Mr. Rusnack and his then-wife, opened a home equity line of credit (HELOC) with Cardinal Bank in August 2003. Between 2003 and 2006, the Rusnacks periodically drew on the HELOC using checks issued by Cardinal Bank. On June 22, 2006, shortly after the Rusnacks separated, Mr. Rusnack directed Cardinal Bank in writing to freeze further advances from the HELOC and Cardinal Bank acknowledge such freeze. Despite this, Cardinal Bank honored two checks each in the amount of $10,000 from Ms. Rusnack on July 26, 2006, and September 12, 2006. Cardinal Bank sought repayment from Ms. Rusnack, but she did not comply. After the HELOC came due in August of 2014, Cardinal Bank began foreclosure proceedings and Mr. Rusnack filed a Chapter 13 bankruptcy, wherein Cardinal Bank filed a Proof of Claim for $70,804, which included the $20,000 illegally advanced by Cardinal Bank. Mr. Rusnack objected to $20,000 of the Proof of Claim, which the bankruptcy court ultimately did disallow, after finding Mr. Rusnack had provided “specific and credible” testimony that he had obtained no benefits from the funds obtained by Ms. Rusnack.
Cardinal Bank appealled and the district court reversed, holding both that the determination by bankruptcy court that Mr. Rusnack had not benefitted from the funds was clearly erroneous and also, in a argument that had not previously been raised, that the 5-year Virginia Statute of Limitations barred Mr. Rusnack’s breach of contract argument.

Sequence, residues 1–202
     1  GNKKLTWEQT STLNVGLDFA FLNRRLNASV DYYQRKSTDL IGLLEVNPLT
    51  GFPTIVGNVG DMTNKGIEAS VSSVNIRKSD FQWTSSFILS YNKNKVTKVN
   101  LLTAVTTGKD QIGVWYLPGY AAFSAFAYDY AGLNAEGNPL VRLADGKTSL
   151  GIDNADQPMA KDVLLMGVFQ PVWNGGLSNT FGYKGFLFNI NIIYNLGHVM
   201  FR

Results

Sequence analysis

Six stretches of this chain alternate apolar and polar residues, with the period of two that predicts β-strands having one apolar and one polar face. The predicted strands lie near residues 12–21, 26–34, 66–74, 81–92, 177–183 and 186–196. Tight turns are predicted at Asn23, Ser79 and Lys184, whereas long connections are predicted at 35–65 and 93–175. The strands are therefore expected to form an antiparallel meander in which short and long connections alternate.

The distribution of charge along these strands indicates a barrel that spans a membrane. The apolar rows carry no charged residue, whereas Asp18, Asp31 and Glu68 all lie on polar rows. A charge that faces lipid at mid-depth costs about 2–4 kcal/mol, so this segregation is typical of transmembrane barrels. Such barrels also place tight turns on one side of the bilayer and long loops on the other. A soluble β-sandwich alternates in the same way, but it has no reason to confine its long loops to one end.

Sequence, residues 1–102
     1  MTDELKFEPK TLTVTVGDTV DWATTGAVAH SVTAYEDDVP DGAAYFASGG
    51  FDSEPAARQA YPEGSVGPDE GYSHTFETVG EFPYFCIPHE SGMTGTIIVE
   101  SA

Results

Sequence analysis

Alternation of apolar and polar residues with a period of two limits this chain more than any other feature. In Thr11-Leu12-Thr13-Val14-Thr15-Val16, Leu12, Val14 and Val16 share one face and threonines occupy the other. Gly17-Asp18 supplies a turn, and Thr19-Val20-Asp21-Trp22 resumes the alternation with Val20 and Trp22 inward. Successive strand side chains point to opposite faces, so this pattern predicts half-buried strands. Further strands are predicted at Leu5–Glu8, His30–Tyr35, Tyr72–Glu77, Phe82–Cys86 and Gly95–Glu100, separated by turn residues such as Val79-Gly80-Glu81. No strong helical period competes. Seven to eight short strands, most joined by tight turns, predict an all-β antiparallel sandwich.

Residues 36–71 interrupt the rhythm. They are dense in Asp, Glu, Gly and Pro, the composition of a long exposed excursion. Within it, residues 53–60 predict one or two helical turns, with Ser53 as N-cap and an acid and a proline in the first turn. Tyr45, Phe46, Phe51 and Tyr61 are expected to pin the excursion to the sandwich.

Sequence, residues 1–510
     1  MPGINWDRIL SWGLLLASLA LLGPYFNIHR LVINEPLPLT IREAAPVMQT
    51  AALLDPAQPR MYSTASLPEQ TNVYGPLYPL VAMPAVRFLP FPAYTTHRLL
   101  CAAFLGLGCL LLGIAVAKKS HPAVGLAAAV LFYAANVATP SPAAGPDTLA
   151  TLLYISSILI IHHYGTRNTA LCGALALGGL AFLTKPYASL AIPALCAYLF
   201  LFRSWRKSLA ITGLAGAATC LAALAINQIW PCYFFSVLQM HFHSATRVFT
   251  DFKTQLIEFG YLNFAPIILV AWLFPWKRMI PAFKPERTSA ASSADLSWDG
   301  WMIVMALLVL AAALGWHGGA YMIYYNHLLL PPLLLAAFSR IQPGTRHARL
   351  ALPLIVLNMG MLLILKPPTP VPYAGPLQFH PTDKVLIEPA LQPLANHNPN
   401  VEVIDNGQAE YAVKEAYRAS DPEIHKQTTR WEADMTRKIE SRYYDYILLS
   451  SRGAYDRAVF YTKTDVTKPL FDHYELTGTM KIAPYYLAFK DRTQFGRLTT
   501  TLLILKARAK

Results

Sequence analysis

The Court of Appeals reversed the district court on both counts, finding that under the clearly erroneous standard there was “no ground for disturbing the bankruptcy court’s ‘plausible’ finding.” As to the Statute of Limitations, the Court of Appeals questioned why the district court even entertained such argument, as it had not been raised previously in the bankruptcy court. That aside, the Court of Appeals held that, as the HELOC was the only contract between Cardinal Bank and the Rusnacks, Mr. Rusnack’s right of recoupment, wherein he could seek to have Cardinal Bank’s “ monetary claim reduced by reason of some claim the defendant has against the plaintiff arising out of the very contract giving rise to the plaintiff’s claim.” First Nat’l Bank of Louisville v. Master Auto Serv. Corp., 693 F.2d 308, 310 n.1 (4th Cir. 1982), was not time-barred.
The right of a recoupment is not limited to breach of contract claims, but would also apply to nearly all defenses and counterclaims arising out of a single contract or transaction, including FDCPA violations, TILA recision actions, failure to provide mortgage notices, etc. This allows the claims objection process in Chapter 13 to take a particularly long view of any billing errors or violations of consumer protections, through the reduction of the allowed claim.
Cardinal Bank still has some time under the Statute of Limitations to proceed against Ms. Rusnack.
For a copy of the opinion, please see: